Internet security is constantly in the news. Unfortunately, criminals will be with us for some time to come. Smartphones now constantly access the Internet and they are exposed to the same risks as desktops, tablets and laptops. Any device that accesses the Internet is at risk. Motor cars are fast becoming a popular topic of security conversations.
What does your phone say?
What are you doing with your Android smartphone to stay safe? If you ask me, I cannot even tell you exactly what (if any) security or antivirus software I have running on my phone. If I bother to go into the “Security” settings, I can confirm that the device and the SD card are encrypted. I am carefully optimistic. To find my device, I can confirm that “Remote Controls” and “SIM change alert” are switched on. Under “Device Administration”, the phone allows applications from sources other than Play Store to be installed. Although Play Store seems to have every imaginable app you will ever need, it is likely that one may need the odd one not available there, so this setting if fine for most of us.
Now we are getting to the real stuff and this is where my optimism may start waning. “Security policy updates” allows one to select automatic updates to the policy, and use preferred networks for updates. My optimism is back, as I see that these are switched on. Hang on – selecting “Check for updates” does not seem to do anything. Let me remain positive and assume there are no updates available. Sending security reports I will leave off, as I am not a supporter of allowing my devices to constantly chat with providers about my device and what I am doing with it.
What one needs to look for, importantly, are applications that provide antivirus security. The Internet virus “industry” is thriving and any device that accesses the Internet needs protection. Looking through my Android device’s applications, I am relieved to find “Android Antivirus and Security” is installed – probably by default. You cannot judge an app by its size, but 6.63 megabytes seems miniscule compared to some other apps, such as the 30.56 megabytes for “AllShare Cast Dongle S/W Update”, or Dropbox’s 60.52 megabytes. I can only trust that Android Antivirus and Security is doing its work properly.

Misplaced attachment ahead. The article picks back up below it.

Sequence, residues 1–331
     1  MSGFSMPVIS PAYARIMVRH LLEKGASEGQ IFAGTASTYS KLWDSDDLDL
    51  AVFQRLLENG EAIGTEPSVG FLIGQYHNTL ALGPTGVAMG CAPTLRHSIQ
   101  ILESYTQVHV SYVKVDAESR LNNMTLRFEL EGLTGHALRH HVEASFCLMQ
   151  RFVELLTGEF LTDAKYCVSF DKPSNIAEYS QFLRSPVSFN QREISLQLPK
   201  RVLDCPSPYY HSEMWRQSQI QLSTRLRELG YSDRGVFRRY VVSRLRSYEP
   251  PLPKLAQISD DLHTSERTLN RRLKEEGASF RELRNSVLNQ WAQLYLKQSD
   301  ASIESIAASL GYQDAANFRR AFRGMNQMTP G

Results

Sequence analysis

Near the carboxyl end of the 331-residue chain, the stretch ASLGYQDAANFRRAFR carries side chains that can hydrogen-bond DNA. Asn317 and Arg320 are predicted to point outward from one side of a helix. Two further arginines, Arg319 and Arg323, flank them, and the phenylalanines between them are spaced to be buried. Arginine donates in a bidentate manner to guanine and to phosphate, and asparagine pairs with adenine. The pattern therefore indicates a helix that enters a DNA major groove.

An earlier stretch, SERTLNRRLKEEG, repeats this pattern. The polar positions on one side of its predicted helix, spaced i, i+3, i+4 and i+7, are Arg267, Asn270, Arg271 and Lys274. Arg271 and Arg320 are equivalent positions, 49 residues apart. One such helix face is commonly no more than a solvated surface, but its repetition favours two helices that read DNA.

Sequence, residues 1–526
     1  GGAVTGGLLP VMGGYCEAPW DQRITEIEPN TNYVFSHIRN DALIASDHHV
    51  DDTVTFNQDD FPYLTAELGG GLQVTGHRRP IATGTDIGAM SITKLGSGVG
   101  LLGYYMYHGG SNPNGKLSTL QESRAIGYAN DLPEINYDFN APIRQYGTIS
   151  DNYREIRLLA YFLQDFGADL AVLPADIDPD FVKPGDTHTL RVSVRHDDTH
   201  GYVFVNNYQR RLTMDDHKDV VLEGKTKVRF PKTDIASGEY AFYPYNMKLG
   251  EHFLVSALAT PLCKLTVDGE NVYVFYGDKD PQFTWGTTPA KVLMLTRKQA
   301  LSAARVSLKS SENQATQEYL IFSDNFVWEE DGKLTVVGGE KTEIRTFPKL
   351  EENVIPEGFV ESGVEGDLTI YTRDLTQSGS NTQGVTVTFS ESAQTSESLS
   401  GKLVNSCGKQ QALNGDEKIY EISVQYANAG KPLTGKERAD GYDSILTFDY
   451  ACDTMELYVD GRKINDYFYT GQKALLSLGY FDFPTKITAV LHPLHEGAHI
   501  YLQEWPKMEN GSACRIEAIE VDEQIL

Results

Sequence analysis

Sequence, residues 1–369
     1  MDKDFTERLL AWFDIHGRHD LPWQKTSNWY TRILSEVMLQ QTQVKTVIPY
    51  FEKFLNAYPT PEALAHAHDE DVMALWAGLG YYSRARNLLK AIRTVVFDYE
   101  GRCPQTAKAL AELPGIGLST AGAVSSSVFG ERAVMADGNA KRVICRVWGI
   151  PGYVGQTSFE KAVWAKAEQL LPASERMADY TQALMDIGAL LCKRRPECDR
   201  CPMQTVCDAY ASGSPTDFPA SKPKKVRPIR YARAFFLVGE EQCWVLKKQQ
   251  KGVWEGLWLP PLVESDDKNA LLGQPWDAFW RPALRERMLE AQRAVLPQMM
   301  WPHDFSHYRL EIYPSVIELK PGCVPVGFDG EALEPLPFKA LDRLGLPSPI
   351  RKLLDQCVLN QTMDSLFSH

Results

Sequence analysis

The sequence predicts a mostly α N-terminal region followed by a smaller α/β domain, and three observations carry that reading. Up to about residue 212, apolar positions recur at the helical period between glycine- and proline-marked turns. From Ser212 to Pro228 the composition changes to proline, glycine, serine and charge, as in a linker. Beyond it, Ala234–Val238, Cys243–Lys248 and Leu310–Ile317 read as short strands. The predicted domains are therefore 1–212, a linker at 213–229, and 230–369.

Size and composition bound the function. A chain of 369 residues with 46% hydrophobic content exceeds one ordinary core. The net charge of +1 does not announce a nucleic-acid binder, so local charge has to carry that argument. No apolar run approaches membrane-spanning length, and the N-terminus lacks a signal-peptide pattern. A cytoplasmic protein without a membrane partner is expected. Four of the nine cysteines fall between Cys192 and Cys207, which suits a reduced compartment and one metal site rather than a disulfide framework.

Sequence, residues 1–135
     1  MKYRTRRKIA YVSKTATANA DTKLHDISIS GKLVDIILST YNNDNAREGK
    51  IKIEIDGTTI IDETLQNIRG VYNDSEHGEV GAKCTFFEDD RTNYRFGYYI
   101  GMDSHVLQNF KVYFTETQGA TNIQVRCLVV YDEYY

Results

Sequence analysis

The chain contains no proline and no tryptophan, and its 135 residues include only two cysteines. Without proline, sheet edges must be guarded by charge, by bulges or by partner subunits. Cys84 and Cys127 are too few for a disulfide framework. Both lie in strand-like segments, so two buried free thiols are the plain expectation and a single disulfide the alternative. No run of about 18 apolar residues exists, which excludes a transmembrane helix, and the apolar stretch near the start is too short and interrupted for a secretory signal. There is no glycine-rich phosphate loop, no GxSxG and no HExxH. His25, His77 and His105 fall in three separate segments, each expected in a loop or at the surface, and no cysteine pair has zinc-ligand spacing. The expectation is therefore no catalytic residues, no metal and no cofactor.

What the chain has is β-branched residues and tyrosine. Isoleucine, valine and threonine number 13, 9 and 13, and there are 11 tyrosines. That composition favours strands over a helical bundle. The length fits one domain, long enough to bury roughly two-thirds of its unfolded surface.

Encrypt that disk
Security functions such as disk-encryption can be greedy when it comes to device performance. Google is not doing well here compared to Apple, whose devices use data encryption out-of-the-box. Google tried before to make default full-disk encryption mandatory for Android phones, but had to abandon the idea due to performance issues on some devices. Their latest operating system will require full disk encryption to be in place. The way they will handle devices that cannot cope, is for these devices to “declare” themselves short of memory and incapable of processing encryption routines.
In addition, Google wants devices that can handle the performance to do a “verified” boot. This will verify the authenticity and integrity of the phone software at different stages during the boot sequence and protect against attacks during boot-up that could stop the encryption process.
Whether security measures and encryption of data serve the purposes of law enforcement is a tricky debate, especially in the United States. Let us hope that we can strike a healthy, secure balance between protecting ourselves and keeping our private lives to ourselves.